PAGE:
GE goes for the gold
Brings EMRs, analytics to London 2012 Olympics
COLORADO SPRINGS, CO – For the first time ever, the United States Olympic Committee will use electronic medical records rather than paper charts to manage care for more that 700 athletes at the summer games.
The USOC announced May 24 that it would deploy GE’s Centricity Practice Solution, which integrates EMR with practice management technology, to manage the American athletes competing in the London 2012 Olympic and Paralympic Games, and for 3,000 additional records maintained by USOC staff.
Once upon a time, the USOC relied on pallets of paper records, shipped around the globe, to the games’ host city. Now, at last, EMRs will offer doctors and caregivers faster access to athletes’ medical records and enable more targeted care.
“It’s definitely, for the Olympics, the right time to jump on [EMRs] now,” Jan De Witte, chief executive officer of GE Healthcare IT and Performance Solutions tells Healthcare IT News. “The EMR has shown its value for healthcare in driving quality, both with completeness of data and speed of decision-making.”
The London deployment was set to go in June, and “be, for us, a record-speed implementation,” says De Witte. “We’re doing it in less than 90 days.” So far, the process has gone well, he adds – especially with the training for the 100 or so people on the USOC medical staff who will be using the Centricity technology.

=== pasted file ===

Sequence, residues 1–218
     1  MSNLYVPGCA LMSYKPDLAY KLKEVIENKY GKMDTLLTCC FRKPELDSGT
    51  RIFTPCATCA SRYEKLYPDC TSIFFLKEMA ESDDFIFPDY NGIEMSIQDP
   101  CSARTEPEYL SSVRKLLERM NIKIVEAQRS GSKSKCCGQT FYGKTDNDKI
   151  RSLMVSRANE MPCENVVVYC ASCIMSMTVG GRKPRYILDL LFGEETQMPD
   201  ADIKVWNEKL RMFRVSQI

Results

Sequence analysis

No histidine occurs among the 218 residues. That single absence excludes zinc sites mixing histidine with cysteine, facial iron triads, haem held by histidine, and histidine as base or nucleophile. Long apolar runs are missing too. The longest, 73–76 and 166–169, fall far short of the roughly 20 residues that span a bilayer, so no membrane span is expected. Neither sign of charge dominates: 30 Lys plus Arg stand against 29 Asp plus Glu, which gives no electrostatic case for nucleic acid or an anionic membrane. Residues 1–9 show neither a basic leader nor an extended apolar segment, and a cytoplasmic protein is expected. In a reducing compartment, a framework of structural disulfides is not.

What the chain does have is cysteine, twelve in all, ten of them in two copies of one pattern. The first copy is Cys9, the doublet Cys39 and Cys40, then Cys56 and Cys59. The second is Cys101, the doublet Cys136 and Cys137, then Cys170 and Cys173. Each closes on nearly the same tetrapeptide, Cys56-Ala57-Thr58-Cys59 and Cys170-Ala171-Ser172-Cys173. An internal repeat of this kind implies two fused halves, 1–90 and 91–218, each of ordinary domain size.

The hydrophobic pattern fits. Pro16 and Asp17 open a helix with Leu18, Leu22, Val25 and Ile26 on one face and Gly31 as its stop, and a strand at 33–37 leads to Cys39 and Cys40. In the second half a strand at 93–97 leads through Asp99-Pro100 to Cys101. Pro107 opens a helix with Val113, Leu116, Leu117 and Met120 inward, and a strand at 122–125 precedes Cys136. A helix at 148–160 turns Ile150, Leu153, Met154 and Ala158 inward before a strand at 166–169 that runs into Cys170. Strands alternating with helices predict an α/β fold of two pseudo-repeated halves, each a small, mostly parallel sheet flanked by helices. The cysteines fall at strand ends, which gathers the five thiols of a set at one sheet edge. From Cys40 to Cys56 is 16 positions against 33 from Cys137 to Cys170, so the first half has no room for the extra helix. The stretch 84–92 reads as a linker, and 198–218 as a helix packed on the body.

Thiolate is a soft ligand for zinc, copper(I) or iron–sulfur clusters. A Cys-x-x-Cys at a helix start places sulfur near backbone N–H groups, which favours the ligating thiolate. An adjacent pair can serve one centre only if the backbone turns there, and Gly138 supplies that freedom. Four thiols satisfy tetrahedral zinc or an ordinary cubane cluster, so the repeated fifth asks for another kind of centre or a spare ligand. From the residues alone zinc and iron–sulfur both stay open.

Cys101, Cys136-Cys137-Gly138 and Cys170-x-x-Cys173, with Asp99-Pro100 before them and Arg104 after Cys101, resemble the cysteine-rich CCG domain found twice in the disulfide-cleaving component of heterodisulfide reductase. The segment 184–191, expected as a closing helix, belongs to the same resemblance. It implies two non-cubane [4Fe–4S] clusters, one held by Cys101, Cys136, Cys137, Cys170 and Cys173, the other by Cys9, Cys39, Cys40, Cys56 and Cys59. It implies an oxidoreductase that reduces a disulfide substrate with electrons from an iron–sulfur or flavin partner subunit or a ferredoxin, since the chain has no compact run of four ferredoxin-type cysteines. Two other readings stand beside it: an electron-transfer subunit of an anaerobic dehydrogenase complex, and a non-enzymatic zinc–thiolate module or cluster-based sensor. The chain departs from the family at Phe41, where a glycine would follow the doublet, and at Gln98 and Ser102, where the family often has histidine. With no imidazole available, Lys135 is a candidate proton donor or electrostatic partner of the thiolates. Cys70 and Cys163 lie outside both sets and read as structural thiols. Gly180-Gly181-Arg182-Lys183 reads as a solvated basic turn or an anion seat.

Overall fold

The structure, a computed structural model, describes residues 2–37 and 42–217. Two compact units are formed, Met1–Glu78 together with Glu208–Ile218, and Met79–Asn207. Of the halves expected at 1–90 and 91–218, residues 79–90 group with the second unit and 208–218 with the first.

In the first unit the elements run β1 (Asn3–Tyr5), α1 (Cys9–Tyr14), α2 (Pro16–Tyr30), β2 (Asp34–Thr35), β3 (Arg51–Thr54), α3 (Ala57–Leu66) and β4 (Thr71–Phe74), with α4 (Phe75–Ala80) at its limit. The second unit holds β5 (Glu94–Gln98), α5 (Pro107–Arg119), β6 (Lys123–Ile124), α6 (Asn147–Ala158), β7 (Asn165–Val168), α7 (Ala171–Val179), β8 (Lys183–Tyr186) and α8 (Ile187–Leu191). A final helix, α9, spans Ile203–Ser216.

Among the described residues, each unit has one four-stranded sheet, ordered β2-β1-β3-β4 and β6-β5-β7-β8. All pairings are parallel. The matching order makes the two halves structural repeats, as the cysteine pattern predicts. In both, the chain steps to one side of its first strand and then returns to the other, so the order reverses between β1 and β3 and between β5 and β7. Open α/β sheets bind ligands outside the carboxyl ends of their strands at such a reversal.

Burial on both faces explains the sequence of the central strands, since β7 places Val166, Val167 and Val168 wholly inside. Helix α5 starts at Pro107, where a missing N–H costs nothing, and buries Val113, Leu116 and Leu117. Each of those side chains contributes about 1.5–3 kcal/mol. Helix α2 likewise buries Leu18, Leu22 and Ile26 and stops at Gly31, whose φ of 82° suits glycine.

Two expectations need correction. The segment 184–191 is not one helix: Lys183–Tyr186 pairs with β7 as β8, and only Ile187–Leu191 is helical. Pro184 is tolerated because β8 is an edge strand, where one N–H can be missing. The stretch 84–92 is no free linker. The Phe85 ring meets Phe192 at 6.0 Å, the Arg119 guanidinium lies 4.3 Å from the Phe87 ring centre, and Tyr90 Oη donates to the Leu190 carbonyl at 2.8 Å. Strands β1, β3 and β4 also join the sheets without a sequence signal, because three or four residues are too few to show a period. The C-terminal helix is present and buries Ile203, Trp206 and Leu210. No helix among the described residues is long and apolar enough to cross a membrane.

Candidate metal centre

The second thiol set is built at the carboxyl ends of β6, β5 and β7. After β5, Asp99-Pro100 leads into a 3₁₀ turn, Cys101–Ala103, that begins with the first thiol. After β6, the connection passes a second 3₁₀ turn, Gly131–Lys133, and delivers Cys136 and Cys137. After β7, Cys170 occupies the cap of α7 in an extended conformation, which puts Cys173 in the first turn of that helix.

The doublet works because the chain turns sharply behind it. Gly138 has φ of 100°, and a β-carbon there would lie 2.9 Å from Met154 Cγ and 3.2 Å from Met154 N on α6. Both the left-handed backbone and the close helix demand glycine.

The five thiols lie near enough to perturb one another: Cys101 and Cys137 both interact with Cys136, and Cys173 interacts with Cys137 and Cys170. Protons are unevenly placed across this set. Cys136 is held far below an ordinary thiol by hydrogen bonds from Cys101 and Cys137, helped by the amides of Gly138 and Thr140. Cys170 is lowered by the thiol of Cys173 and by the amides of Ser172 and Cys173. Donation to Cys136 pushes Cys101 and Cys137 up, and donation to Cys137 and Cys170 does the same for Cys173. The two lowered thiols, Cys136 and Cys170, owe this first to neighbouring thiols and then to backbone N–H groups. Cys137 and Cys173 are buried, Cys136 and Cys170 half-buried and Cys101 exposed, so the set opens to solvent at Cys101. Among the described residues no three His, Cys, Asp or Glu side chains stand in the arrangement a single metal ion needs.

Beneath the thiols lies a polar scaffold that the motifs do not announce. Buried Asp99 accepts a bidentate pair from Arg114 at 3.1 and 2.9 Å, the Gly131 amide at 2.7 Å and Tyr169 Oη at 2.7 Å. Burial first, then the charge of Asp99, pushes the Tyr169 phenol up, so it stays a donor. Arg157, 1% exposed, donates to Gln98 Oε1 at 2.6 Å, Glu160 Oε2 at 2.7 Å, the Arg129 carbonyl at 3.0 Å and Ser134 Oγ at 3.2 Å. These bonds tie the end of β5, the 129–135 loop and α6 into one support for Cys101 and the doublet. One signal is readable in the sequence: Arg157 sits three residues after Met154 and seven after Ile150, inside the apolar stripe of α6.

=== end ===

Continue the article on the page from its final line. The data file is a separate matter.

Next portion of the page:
Part of that preparation involves populating the medical records with the “relevant information, says De Witte. From June right through the closing ceremonies, all information related to the athletes’ health and performance is going “straight into the EMR.”
“The introduction of GE’s EMR technology is a big step forward for the USOC sports medicine program,” Bill Moreau, MD, managing director of sports medicine at USOC, said in a statement. “EMR technology will allow us to better monitor and analyze the health of Team USA athletes, not only when they receive care at our facilities, but also when they are competing and training around the world. Our elite athletes have dedicated themselves to performing at the highest levels in sport and I believe this technology will help us to support them with the highest levels of sports medicine.”
“My extensive training and playing schedule takes me all over the world and the last thing I want to worry about is my medical records,” added Alex Morgan, forward for the U.S. Women’s soccer team. “Knowing that not only will my doctors have quick and easy access to my information but that I will as well, no matter where I am, puts my mind at ease. It allows me to not worry about injuries and focus on the task at hand – in this case, winning the gold for Team USA in London.”